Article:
At 4 I lost someone I loved and when I was 3 the city I live in lost something they loved. We try to move on, sometimes haunted by the ghosts that hang over us, trying desperately to keep a fleeting memory alive. When you are 3 you don’t have your own memories, instead you gain memories of that time from other people. You hear stories and you try to remember the events of that time. But you fail. I failed. I still fail at it. The stories of my grandpa that other people tell me paint a picture of a wonderful man. I have no memories of the Jets except for the ones that have been shared with me. The team sounded like a team I would cheer for; except they weren’t here when I wanted to cheer for a team. They were gone. They had been gone since I was 3. They were the team I never knew and the team that I never will know.
The Winnipeg Jets are not the team that left here and there are some fans who cheer for them only from afar. They cheer for the Jets as their secondary team; a team that is in a city that they like or captured their imagination in their childhood. They cheer for a team that they have memories of, that they feel. They cheer for the team that they know, not the team that they grew up knowing a logo; a logo that is not used by the team anymore. There is a segment of fans here who did not flock to buy Jets merchandise upon their return because their team was still at home, in whatever city that is, waiting for those fans to voyage there to watch them play. There are other fans who remain fans of their team and still cheer for the Jets, but that joyful nothingness that a win can bring and that devastating feeling that a loss can bring are not there because their team, their actual team, is elsewhere.
Jets fans waited. They waited for 15 years. They waited through cold winters that never ended and hot summers that were always too short. They waited for Gary Bettman to fly here and say that the city had a team again. They waited again so they could get season tickets, so they could buy merchandise. They waited for their team, the team that had their history to come back. That never happened. And some fans never returned either.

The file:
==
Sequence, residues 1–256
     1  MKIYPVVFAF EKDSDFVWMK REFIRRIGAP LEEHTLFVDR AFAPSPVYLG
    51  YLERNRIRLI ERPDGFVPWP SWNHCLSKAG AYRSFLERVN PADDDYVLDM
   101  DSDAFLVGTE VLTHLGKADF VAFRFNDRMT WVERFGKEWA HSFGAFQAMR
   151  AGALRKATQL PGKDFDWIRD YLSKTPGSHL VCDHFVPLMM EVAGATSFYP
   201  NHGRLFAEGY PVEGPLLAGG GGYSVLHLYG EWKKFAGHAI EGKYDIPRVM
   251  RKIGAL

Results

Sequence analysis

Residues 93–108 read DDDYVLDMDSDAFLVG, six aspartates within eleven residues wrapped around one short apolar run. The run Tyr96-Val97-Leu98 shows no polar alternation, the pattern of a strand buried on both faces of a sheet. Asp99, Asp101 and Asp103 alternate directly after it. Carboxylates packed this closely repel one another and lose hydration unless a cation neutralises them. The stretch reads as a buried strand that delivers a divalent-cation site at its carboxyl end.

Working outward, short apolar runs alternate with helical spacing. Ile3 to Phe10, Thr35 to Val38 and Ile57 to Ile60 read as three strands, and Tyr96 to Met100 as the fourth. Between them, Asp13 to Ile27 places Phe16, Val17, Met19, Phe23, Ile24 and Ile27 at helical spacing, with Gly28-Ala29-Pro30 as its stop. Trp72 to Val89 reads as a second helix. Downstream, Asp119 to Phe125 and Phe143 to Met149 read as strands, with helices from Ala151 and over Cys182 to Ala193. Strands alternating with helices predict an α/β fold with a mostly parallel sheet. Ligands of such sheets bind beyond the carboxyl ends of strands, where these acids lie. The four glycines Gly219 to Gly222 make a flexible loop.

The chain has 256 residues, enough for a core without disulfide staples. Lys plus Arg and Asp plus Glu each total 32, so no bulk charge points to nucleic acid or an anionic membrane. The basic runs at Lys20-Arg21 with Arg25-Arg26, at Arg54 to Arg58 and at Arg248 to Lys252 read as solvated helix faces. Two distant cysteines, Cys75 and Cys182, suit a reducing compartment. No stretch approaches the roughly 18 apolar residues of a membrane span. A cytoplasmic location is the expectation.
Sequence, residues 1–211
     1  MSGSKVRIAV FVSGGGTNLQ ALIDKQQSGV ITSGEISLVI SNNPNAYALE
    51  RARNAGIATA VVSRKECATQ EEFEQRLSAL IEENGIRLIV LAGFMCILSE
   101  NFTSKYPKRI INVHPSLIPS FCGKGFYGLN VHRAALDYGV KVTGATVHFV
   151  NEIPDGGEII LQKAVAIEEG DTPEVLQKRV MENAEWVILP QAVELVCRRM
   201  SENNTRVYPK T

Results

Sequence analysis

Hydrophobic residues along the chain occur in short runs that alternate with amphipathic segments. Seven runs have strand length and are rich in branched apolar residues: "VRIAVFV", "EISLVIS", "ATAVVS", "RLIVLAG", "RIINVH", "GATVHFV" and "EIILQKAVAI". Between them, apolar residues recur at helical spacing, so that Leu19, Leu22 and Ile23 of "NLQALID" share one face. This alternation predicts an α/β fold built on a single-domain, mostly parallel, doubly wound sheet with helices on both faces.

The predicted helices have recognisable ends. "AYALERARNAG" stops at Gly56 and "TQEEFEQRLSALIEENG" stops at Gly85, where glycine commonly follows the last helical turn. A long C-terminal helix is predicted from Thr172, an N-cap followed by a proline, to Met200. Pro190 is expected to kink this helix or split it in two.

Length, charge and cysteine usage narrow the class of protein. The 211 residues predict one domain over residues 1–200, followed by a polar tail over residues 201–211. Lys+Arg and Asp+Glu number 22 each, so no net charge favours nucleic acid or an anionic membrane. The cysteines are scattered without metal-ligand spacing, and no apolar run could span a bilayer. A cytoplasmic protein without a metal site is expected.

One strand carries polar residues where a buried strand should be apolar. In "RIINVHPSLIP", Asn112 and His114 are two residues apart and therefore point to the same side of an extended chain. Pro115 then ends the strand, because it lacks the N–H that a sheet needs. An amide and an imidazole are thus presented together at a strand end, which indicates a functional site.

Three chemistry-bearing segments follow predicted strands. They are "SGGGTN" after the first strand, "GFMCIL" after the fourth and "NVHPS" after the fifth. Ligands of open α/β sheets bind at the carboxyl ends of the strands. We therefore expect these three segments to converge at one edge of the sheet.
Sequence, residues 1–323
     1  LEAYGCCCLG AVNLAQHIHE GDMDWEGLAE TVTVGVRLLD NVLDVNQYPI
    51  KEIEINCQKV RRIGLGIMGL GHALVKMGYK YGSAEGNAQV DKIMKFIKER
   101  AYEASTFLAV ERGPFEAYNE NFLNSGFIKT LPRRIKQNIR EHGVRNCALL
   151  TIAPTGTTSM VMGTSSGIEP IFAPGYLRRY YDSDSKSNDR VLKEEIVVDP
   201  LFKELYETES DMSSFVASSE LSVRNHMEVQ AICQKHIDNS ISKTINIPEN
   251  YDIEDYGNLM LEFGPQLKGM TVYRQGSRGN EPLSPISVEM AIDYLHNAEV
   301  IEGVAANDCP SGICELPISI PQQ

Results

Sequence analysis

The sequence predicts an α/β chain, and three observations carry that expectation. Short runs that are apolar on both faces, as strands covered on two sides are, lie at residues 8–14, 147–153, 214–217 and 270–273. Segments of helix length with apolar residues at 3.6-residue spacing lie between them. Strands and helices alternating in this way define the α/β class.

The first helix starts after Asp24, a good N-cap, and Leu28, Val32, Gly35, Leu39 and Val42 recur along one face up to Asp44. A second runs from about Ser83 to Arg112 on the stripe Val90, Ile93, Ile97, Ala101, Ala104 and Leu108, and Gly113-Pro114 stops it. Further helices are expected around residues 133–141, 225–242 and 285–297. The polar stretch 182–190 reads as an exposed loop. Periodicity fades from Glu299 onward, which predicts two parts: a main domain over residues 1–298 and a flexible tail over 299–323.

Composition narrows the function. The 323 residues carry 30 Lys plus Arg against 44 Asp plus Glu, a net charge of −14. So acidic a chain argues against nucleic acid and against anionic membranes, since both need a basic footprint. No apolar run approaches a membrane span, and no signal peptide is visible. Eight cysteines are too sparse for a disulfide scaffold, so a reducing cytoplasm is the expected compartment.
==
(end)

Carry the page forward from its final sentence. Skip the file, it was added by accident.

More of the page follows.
I've never asked my dad about how my grandpa reacted to the Jets leaving. I'm not sure I want to know. I want to preserve my knowledge of him to the stories that others share; stories of love and laughter. I do wonder if the right move was made in retaining the name but not the logo for the Jets. The memories that people have of the team were built on that logo. Even when I was in school the logo was ever-present; reminding us of what we once had and to keep on aspiring to have it again.
The Jets returned. But not the team that Winnipeggers knew and not the logo that everyone knew. No, the Jets returned. They returned as something real, something that Winnipeg could hold onto. The old Jets though, the Jets 1.0? That team, those players, the spirit that was here to try to save them never left.
The impact of the Jets 1.0 is lost on me because of my youth. The province fought to save them. They lost. There was devastation; there were tears. Winnipeg tried to move on, but never could get over the loss of a team that meant so much to a city that had so little. They were apart of us and they still are today, even if they left some of us with nothing to hold onto.
*This is a story that is deeply personal at many junctures. I have wrestled with the idea that the Jets have lost some fans due to their time away and the memories forfeited. I can speak only for myself, but I can only imagine that I am not alone in feeling like something is missing when people talk about the Jets of old.*